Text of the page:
The Mystic Media Blog is currently engaged in a series of articles examining each of the Bartle types and how to acquire, retain and monetize them according to their desires. Check out last week’s article on Killers. In this, our concluding article, we will explore Socializers.
Socializers are perhaps the most important Bartle type for generating growth in a userbase. The Internet makes it easier than ever for players to share their experience with other users. Socializers aim to form connections through interactions with other players. Like the Explorer, they are focused on the internal qualities of the world and its inhabitants, while Achievers and Killers treat other users and the world as external objects.
In multiplayer games, Socializers enhance the gaming experience for all of the Bartle types. Achievers see any addition to the userbase as competition, an elevation of the stakes, enriching their accomplishments. Killers see them as easy prey. Explorers see them as eager to communicate, join and help them on their quests. Socializers see other Socializers as people with whom they can socialize. Thus, Socializers appease all Bartle types and can trigger major growth in the ecosystem.
When developing games, mobile developers are often hampered with budgetary constraints which entail a single-player experience. Some turn-based games are able to counter that norm on a relatively small budget. However, in single-player games, the importance of social integration is absolutely vital in the current app landscape. In a world where Yelp rules and people are bombarded with an inordinate amount of daily advertising, many consumers rely on references from friends, family and trusted content curators to decide what they should pursue. Not only having a social presence, but giving players the opportunity to share in a variety of methods is a tactic which will enrich retainment on not only Socializers, but all of your userbase.
Profile creation satisfies both the Socializers desire to create a persona and connect with other users, while offering opportunities to entice Achievers with an opportunity to share their achievements.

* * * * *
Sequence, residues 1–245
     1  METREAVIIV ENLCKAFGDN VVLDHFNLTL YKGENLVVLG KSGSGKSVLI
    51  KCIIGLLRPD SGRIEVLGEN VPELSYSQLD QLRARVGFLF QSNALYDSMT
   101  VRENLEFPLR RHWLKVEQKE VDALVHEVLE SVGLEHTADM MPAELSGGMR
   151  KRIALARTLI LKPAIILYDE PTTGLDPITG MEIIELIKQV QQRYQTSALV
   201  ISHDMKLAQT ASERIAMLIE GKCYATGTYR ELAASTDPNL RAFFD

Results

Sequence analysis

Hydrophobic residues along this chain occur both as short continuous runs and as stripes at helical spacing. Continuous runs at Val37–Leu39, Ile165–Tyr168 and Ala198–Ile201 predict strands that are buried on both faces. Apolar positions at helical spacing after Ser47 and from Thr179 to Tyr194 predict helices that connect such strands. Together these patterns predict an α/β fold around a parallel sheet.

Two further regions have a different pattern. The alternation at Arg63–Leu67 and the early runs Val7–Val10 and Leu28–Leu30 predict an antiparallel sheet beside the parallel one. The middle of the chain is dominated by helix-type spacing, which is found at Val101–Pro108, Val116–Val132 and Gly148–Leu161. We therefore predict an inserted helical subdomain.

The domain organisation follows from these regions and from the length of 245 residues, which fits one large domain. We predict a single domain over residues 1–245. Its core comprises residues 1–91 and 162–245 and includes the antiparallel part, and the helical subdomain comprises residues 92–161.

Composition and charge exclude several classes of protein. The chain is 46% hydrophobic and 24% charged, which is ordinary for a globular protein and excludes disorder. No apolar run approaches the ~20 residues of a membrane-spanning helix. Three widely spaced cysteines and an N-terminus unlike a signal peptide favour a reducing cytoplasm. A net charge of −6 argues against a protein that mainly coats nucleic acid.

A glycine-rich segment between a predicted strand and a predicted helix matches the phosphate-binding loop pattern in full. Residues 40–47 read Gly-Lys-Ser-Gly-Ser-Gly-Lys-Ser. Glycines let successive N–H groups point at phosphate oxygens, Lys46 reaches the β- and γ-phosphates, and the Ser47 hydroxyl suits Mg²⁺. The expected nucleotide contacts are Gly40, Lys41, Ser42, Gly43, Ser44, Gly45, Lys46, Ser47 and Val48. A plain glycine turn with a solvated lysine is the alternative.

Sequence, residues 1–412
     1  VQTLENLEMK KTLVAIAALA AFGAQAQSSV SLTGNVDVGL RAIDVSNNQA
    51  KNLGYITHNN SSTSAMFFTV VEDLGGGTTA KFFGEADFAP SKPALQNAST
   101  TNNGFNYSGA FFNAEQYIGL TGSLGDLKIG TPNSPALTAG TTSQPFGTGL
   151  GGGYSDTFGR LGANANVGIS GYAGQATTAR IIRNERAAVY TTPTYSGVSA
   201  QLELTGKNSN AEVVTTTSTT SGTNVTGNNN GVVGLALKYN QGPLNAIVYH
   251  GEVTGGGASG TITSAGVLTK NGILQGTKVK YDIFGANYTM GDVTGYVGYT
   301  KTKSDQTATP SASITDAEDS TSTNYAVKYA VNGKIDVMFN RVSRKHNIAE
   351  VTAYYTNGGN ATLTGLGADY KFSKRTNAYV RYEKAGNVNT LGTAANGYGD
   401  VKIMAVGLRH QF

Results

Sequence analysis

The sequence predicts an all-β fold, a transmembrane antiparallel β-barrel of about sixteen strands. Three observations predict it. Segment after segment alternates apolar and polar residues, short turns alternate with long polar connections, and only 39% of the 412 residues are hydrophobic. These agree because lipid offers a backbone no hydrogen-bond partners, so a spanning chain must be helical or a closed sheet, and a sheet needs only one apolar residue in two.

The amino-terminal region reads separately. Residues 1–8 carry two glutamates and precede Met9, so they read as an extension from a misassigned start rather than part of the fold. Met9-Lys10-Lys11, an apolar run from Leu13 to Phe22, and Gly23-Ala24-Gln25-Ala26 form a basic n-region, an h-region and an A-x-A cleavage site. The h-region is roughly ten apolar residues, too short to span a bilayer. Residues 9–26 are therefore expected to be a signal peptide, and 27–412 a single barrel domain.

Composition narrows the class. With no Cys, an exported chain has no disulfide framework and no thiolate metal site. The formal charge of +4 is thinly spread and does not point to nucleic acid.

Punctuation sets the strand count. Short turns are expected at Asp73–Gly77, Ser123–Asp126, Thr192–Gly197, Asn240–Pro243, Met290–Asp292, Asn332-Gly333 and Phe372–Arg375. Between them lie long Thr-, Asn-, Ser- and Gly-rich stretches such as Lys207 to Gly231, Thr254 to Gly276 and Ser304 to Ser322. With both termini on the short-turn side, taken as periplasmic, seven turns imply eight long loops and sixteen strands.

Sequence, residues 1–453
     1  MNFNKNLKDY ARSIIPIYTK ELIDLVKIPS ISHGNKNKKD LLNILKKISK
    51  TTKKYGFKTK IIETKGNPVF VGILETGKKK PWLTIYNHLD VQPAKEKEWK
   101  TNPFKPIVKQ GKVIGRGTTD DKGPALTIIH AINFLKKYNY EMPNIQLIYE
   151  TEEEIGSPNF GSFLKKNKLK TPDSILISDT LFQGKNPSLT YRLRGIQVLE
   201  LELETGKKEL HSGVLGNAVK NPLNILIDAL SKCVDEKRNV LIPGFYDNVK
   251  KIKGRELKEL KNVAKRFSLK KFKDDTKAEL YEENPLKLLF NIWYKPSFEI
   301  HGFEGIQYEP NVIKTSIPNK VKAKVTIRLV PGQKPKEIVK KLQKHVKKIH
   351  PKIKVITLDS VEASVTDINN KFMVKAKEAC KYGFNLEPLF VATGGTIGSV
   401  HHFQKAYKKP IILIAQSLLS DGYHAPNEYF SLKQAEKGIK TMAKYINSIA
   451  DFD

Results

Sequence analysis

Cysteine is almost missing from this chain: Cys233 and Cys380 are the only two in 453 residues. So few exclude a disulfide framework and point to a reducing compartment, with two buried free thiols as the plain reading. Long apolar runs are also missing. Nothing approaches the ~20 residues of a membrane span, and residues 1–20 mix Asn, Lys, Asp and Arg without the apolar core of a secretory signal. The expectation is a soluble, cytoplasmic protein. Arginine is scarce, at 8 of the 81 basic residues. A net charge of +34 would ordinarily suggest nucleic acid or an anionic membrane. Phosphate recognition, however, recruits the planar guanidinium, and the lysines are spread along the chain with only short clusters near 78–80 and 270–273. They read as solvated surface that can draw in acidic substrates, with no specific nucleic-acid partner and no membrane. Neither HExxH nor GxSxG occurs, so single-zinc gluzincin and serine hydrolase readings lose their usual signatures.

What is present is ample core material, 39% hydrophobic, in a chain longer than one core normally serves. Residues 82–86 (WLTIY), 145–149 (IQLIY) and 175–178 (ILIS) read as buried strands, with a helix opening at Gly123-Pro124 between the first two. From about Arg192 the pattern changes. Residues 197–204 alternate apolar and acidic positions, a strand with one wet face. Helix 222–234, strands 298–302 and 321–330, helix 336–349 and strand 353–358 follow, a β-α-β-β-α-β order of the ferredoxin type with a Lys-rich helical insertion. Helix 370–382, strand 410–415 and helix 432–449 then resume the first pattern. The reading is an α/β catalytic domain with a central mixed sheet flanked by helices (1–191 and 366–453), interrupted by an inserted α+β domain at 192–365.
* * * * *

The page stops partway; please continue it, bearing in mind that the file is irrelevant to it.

Offering a variety of methods of communication is key to retaining Socializers. A “Social Prod” represents the lowest form of communication, such as the “Poke” button on Facebook, in which one user offers another user the minimum acknowledgement.
A “Brag Button” which allows you to easily shares your score and/or a video of your game to social networks is another method of communication which makes social sharing easy and entices the Achiever to share.
Creating a chat interface will encourage users to communicate with one another and allow them to share in-game secrets. A chat interface can function as a social network or discussion board for your users to congregate. When properly designed, chat interfaces can even help solve some of your customer service problems. Users feel more of a connection to other users, so setting up a kind of mentor system in your game where experienced players are rewarded for helping out newbies can go a long way in enhancing the intimacy of the experience while saving game developers money on maintaining Customer Service.
The presence of both a user’s outside friends playing the game and a community of friends existing within the game validates the game’s role in the user’s life and increases the sense of intimacy in the same way inside jokes with friends do.
Social Treasures are game items which a user can only get from another player. Candy Crush limits daily play, but lets players give their friends lives which enable them to play for longer as social treasure. Strategies like Social Treasure create a courtesy economy which encourages users to get their friends to play.
Rewarded Social Sharing gives users in-game currency or bonus items in exchange for sharing the game or their high score on social media, a method for encouraging sharing while also potentially previewing in-game in-app purchases.
Leaderboards factor into a number of single player games as the primary form of social integration, but Leaderboards can be intimidating and useless to new users when experienced players lord over the top ten spots and don’t give up. Offering a micro-leaderboard for in-game or social friends and/or monthly leaderboards will ensure new users are actually encouraged to become competitive through leaderboards and don’t feel left out.
When it comes to monetization, Socializers are best used as a tool to grow a userbase and thus enhance competition, increasing advertising and in-app purchases. Each of the above tactics applies to monetization in the sense that social sharing is in itself a currency. Freemium games can offer subscription-based online integration with a monthly fee.
Erwin Andreasen and Brandon Downey created the “Bartle Test” without collaboration or input from Richard Bartle. The test classifies users with a “Bartle Quotient.” The Bartle Quotient is calculated based on answers to a series of 30 random questions and totals 200% across all categories, with no single category exceeding 100%. So you can be 100% Socializer, 50% Explorer, 30% Achiever and 20% Killer. In other words, each of the Bartle types represents an urge within the gamer, but no gamer is 100% one of those categories.
Everyone has an Achiever, Explorer, Killer and Socializer in them. By isolating each archetype and analyzing their behavior, game designers can ensure they are making fully-formed, well-rounded games with a variety of appeal. And any mobile app developer will tell you the best monetization method is a well-built app.